• have started training for the shamrock marathon in march. hello 12 miles at 8am.

Sunday, August 22, 2010

dreaming in swedish

it's that time of year again. actually, it's those times of year again. back to school, leaving a job,
moving. apparently, i've been following the dr. arnett guide to being a twenty-something as i have moved 8 times in the last 7 years (1 x per year each year in college, back home, to japan, back home, to richmond and the upcoming move will make #9) and had 5 jobs in the last 7 years (albiet i was a student for 4 of those 7).

anyhow, the next few posts will be about one of those transitions in particular - moving.

take:
  • one empty apartment in the fan
  • two 20 somethings
  • hand me down furniture from friends and family
shake vigorously for the month of september in which we will be packing up 2 places and converging on the one.

because i have not actually begun the moving process yet (i.e. i have two empty boxes in the back of my car and am terrified of taking my target desk apart for fear of never getting it back together again), for now the focus is on the anticipation.

the apt. is in an old single family home in the fan, one that has been split into 3 separate apartments. even though the reality of decorating possibilities is limited by what stuff people are willing to give us and by shallow grad school pockets, let's take a quick moment to fantasize about the possibilities:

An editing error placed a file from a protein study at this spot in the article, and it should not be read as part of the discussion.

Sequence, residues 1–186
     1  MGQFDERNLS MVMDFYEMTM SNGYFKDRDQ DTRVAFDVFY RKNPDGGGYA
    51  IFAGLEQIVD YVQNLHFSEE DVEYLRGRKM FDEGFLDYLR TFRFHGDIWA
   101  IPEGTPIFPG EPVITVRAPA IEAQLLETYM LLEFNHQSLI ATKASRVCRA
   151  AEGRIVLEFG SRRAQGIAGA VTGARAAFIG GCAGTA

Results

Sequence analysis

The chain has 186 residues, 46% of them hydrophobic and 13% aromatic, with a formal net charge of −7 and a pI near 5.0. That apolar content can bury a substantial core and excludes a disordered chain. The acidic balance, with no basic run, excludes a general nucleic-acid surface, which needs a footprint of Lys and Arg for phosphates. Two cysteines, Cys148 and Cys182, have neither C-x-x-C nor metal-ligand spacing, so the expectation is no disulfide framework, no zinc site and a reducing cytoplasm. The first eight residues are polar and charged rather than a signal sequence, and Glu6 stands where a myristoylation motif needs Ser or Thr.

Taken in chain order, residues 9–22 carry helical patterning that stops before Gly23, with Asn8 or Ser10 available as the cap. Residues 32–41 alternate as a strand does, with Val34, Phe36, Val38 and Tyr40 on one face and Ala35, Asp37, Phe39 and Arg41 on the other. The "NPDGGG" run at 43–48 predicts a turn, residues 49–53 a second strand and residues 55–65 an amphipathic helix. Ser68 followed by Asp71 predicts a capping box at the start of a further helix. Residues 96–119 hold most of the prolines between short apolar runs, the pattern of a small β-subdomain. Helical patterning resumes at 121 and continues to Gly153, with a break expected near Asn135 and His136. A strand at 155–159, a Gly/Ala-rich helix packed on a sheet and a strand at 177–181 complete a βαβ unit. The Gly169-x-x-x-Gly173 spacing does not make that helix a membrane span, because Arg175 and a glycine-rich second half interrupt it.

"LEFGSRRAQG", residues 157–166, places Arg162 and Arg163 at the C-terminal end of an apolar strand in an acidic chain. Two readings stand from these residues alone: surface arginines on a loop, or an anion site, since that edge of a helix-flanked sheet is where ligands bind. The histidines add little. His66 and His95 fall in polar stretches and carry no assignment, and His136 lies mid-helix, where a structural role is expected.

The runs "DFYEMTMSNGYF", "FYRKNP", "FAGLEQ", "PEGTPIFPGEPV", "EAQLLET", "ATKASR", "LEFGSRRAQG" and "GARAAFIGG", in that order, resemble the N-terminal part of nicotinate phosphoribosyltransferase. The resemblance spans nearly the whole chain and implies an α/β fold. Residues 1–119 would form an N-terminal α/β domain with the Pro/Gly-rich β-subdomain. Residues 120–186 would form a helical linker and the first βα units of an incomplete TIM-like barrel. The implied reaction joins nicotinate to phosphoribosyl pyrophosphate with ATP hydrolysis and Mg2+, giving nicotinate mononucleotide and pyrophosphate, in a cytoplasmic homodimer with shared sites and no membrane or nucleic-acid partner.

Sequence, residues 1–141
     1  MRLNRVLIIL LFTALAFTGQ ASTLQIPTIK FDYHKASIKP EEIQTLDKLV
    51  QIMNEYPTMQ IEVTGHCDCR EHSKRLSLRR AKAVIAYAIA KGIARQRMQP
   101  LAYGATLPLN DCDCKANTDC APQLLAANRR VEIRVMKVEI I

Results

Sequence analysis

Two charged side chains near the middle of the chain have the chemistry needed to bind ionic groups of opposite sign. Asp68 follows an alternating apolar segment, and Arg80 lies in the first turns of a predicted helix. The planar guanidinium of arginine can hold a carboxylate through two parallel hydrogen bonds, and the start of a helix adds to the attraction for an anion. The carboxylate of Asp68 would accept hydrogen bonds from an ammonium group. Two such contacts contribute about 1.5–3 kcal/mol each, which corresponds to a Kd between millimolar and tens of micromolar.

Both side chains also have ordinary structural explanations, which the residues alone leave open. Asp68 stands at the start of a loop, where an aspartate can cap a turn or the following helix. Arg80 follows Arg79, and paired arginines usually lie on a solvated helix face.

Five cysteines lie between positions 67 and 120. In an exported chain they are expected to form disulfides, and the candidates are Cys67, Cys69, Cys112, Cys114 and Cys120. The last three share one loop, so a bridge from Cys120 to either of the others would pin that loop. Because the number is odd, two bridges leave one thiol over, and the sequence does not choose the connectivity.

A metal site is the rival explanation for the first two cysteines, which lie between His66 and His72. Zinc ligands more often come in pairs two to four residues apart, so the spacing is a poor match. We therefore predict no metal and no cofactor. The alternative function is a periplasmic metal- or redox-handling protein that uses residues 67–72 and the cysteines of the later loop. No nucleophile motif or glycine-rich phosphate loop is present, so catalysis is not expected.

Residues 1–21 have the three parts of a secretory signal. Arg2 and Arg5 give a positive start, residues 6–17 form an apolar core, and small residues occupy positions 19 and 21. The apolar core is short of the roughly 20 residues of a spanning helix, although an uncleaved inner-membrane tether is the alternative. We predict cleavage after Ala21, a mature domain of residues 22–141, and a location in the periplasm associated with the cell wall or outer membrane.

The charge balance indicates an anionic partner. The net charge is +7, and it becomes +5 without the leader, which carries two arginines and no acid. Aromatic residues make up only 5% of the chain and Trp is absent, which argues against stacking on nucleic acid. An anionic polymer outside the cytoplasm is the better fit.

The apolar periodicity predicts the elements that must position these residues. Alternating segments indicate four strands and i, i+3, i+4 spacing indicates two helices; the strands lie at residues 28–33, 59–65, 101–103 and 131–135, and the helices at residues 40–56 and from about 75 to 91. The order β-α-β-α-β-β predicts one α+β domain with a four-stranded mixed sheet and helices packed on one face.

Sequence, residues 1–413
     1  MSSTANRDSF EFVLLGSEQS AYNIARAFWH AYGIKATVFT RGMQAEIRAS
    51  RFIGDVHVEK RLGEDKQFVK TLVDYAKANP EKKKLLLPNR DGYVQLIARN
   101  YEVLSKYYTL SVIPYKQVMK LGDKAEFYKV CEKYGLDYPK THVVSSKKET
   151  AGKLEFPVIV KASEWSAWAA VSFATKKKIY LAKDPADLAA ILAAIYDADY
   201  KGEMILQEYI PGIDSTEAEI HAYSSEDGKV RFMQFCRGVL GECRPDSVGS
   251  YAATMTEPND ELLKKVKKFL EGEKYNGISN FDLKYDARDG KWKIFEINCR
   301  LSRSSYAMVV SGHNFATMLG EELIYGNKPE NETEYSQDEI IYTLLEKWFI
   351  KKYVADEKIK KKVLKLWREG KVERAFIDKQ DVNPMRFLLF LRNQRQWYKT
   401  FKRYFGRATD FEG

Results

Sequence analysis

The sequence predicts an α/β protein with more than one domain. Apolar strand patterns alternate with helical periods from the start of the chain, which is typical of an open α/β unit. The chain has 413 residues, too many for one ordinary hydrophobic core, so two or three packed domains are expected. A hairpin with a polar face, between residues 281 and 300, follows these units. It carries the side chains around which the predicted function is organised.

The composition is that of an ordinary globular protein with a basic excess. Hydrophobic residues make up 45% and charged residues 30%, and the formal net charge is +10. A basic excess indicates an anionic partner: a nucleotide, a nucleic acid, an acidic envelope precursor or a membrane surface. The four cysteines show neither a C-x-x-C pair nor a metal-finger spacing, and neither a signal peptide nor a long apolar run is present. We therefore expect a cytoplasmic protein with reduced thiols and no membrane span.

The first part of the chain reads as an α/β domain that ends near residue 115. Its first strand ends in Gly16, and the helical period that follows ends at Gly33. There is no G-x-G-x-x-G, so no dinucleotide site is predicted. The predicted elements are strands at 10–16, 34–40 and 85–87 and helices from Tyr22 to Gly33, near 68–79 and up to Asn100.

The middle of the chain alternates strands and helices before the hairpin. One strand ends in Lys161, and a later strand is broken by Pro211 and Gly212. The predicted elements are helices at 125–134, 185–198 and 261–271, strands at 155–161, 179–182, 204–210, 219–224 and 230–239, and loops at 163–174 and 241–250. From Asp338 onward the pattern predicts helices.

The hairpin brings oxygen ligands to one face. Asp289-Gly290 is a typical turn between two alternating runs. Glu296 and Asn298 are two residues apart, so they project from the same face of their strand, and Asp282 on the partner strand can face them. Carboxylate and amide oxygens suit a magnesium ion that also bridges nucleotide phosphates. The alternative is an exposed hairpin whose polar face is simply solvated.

apartment therapy has been offering volumes of images of perfectly coiffed decors, providing page after page of inspiration (and more often, crushed dreams, as one such as myself realizes that she'd have to forgo paying tuition to make rooms look remotely as good as the ones in these pictures)

still, there are many instances in which we borrow from that which inspires us and transform it into our own. take a simple concept from a runway design or from the pages of a cookbook and use what you have to imitate. the same will have to suffice for us, seeing as we're not quite up to par with this munich loft or this sotheby's rental in portugal.

even when considering what i would do given unlimited funds, given a bigger place, and given the time to plan, i am stumped. how to combine all of the styles that appeal to me without making more boiled over sloppy stew than tactfully crafted melting pot?

after researching a number of styles, the squared edges and cool look of scandinavian decor is probably the most appealing to me. the designs are simple and modern, but often have a rustic, natural sensibility.

  • design*sponge has a great collection of scandinavian interiors, not to mention it's an all-around interesting blog with design guides to tons of major cities worldwide.